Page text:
chapter  29
34 Pages

The Evolving Arms Control Agenda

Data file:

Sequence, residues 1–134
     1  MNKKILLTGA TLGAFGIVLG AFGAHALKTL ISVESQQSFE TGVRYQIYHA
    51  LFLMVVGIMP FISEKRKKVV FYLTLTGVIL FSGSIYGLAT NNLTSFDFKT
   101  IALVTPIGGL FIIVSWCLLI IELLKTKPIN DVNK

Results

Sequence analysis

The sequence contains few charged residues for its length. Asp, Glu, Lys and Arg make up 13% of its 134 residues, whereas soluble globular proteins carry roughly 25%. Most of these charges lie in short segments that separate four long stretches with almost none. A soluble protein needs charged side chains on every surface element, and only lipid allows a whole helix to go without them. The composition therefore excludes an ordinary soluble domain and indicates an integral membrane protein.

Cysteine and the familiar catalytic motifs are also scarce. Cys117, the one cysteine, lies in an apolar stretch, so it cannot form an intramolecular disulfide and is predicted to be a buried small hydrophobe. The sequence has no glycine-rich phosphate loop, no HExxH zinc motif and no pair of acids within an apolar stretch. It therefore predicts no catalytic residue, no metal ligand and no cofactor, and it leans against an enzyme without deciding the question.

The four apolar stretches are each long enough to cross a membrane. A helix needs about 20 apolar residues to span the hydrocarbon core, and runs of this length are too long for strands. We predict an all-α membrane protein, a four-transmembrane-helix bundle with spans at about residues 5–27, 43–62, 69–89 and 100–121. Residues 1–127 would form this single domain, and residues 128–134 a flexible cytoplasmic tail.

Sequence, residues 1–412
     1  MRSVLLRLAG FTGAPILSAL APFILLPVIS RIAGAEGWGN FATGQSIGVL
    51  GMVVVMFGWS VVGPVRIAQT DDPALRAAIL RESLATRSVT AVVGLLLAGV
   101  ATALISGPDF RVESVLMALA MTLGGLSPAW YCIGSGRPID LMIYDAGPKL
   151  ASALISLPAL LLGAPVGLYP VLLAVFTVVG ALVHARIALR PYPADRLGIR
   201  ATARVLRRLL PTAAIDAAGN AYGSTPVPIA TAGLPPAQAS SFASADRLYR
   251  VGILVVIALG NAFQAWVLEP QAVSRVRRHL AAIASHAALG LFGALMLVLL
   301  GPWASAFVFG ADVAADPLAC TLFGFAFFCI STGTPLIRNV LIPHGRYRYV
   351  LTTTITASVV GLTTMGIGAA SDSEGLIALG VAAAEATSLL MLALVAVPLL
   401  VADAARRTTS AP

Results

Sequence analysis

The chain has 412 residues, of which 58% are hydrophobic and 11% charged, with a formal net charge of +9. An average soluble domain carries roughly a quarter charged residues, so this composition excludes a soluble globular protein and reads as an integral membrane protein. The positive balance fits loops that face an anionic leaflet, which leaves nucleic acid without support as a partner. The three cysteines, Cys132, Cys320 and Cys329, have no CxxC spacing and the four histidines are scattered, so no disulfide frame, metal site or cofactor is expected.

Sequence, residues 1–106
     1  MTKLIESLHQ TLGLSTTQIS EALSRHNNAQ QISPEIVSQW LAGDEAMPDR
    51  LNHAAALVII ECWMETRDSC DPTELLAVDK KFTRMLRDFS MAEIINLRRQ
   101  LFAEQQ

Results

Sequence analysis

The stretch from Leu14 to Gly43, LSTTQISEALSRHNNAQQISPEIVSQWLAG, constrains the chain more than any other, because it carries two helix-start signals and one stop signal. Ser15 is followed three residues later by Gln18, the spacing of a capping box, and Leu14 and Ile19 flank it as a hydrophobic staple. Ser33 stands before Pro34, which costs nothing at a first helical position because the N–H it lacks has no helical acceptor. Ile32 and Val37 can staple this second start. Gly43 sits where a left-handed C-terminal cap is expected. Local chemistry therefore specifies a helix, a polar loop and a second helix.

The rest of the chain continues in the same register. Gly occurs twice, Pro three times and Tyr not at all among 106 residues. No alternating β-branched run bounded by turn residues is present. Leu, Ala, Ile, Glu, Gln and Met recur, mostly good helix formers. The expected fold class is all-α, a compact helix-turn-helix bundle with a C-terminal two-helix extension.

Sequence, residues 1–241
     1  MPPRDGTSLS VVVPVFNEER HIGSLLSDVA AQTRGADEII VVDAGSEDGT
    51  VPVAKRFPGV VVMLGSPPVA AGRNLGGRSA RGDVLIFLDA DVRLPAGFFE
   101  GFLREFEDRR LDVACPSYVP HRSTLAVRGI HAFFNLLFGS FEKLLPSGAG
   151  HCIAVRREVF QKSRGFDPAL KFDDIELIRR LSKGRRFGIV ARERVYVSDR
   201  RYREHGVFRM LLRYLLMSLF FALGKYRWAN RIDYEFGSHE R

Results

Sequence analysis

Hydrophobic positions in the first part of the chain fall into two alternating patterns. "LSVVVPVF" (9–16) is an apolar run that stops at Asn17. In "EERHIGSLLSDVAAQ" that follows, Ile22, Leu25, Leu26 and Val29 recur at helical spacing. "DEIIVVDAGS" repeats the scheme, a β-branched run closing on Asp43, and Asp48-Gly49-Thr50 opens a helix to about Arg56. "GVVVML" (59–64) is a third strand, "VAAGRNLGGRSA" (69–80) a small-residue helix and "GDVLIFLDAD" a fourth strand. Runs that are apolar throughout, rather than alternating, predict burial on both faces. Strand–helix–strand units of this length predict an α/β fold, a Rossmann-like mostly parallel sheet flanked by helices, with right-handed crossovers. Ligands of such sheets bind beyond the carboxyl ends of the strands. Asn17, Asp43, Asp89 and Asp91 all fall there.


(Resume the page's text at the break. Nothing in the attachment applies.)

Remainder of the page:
The twentieth century ended with the entry into force of the Ottawa Treaty to ban antipersonnel landmines.1 The signing of the treaty was an incredible accomplishment marking, as noted at the time by Canadian Prime Minister Jean Chretien, the “first time, the majority of the nations of the world will agree to ban a weapon which has been in military use by almost every country in the world.”2 However, it also did not have the support of many major powers, which is contrary to most multilateral disarmament agreements.3 Even as late as 1994, there was a consensus among all states that landmines were legal. In March 1995, Belgium became the first state to pass a domestic law providing for a comprehensive landmine ban.4 Less than thirty-two months later, on December 2, 1997, Belgium was joined by 122 states in signing the comprehensive ban convention. Currently 138 states have signed the convention, and 101 have ratified it. The convention entered into force on March 1, 1999, becoming the quickest major international agreement ever to enter into force in history.5 Academics, diplomats, and NGO representatives called the Ottawa Treaty’s genesis and negotiations an innovative model for the future development of international law.6 Even the Nobel committee recognized this unique coalition by awarding the International Campaign to Ban Landmines (ICBL) and its coordinator, Jody Williams, the 1997 Nobel Peace Prize, in part for helping create a fresh form of diplomacy.7